But he insisted, so we started looking for a turtle. Nothing. We looked more carefully. No turtle. We stirred some leaf litter. There was the turtle just emerging from his winter hibernation-home in the mud. The turtle, a box turtle, looked at us somewhat cynically with his red eyes. “This is my first day in months to open my eyes and move my body and pick up my turtle life. Did you ever think I might want some privacy?” No, we never did.
Two: I once bought a painted turtle at a pet store to release in our pond. I saw it once sunning itself on a floating branch but never again. Then I found a painted turtle on a dirt road where I like to walk. I picked it up and carried it back to our pond. I thought, “Now we have two turtles. Unless the turtle I found was the turtle I bought….” Now, a decade later, we have painted turtles in all sizes. Our two turtles have populated a pond.
Three: I was sitting in the back seat of my son’s car, while in the front seat, he and his wife were having an escalating argument. Their voices were becoming shriller and louder, and I was getting worried. We drove around a turtle that was crossing the road. As the argument continued without a pause, my son turned the car around, stopped by the turtle, my daughter-in-law got out and moved the turtle to safety, we turned around again and continued on our way. The argument was not yet settled, but I was. Beneath the disagreement of the moment was a perfectly executed dance of agreement.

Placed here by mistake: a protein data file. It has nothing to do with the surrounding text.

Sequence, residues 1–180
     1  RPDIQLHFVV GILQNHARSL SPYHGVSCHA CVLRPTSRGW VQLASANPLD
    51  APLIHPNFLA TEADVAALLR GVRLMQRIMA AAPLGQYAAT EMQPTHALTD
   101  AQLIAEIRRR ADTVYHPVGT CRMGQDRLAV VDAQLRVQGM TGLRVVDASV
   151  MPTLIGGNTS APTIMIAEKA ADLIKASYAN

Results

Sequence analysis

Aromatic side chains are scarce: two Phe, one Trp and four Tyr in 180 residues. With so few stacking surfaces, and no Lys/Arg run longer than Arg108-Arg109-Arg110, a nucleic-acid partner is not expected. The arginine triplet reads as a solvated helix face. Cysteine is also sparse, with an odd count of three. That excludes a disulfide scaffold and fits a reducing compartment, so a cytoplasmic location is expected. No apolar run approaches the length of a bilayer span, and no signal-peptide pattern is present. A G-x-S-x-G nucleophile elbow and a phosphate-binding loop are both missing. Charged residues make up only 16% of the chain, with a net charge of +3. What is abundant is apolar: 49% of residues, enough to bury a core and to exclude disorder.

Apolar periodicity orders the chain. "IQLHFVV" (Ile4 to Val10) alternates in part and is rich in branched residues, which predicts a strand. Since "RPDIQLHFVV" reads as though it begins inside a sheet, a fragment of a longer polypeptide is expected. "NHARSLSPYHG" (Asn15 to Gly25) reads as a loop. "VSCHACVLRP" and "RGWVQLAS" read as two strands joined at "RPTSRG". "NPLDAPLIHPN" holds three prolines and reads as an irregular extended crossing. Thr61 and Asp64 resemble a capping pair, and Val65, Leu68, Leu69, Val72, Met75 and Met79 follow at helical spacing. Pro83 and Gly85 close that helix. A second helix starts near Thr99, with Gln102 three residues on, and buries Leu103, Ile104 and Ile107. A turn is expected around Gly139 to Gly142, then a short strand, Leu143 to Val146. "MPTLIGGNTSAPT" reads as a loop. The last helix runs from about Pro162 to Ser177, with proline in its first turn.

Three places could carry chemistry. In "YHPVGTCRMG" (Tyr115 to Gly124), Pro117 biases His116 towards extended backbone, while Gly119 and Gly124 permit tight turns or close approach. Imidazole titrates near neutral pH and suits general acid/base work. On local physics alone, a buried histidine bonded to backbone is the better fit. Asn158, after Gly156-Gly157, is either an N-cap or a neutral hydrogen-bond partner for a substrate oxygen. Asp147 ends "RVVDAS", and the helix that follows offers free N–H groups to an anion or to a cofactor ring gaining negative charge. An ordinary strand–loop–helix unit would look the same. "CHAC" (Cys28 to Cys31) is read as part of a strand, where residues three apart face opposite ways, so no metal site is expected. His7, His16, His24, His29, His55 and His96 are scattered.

. . .
World Turtle Day was founded in 1990 by American Tortoise Rescue as an annual observance to help people celebrate and protect turtles and tortoises and their disappearing habitats around the world. American Tortoise Rescue has placed thousands of rescued tortoises and turtles in caring homes.
Turtles are more threatened than birds, mammals, or amphibians. In 2010, almost 50% of all modern turtles were either extinct or threatened with extinction. They are collected for food, medicine, cosmetics, or to be sold as pets. They are subject to loss of habitat in its various forms: deforestation, drained wetlands, and rivers converted to stagnant reservoirs. They are often killed by traffic as they move around to feed and nest.
71% of all tortoise species are either gone or almost gone.
. . . . . . .
NatureReconnect: Continuing to follow the Carolina wrens:
Keep feeding your birds
When nesting birds have a ready supply of food, they don’t have to spend as much time away from their eggs or from their babies. Then there’s a better chance of raising all their young successfully.